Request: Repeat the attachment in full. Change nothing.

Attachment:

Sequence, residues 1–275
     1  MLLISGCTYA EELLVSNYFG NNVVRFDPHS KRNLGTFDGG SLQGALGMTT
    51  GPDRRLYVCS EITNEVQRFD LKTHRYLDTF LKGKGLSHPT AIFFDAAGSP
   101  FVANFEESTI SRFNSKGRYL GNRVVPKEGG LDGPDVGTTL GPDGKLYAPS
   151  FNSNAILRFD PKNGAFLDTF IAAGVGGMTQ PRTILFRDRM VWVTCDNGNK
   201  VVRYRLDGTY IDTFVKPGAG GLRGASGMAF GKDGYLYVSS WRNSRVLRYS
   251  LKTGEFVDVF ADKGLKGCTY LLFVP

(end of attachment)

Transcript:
Sequence, residues 1–275
     1  MLLISGCTYA EELLVSNYFG NNVVRFDPHS KRNLGTFDGG SLQGALGMTT
    51  GPDRRLYVCS EITNEVQRFD LKTHRYLDTF LKGKGLSHPT AIFFDAAGSP
   101  FVANFEESTI SRFNSKGRYL GNRVVPKEGG LDGPDVGTTL GPDGKLYAPS
   151  FNSNAILRFD PKNGAFLDTF IAAGVGGMTQ PRTILFRDRM VWVTCDNGNK
   201  VVRYRLDGTY IDTFVKPGAG GLRGASGMAF GKDGYLYVSS WRNSRVLRYS
   251  LKTGEFVDVF ADKGLKGCTY LLFVP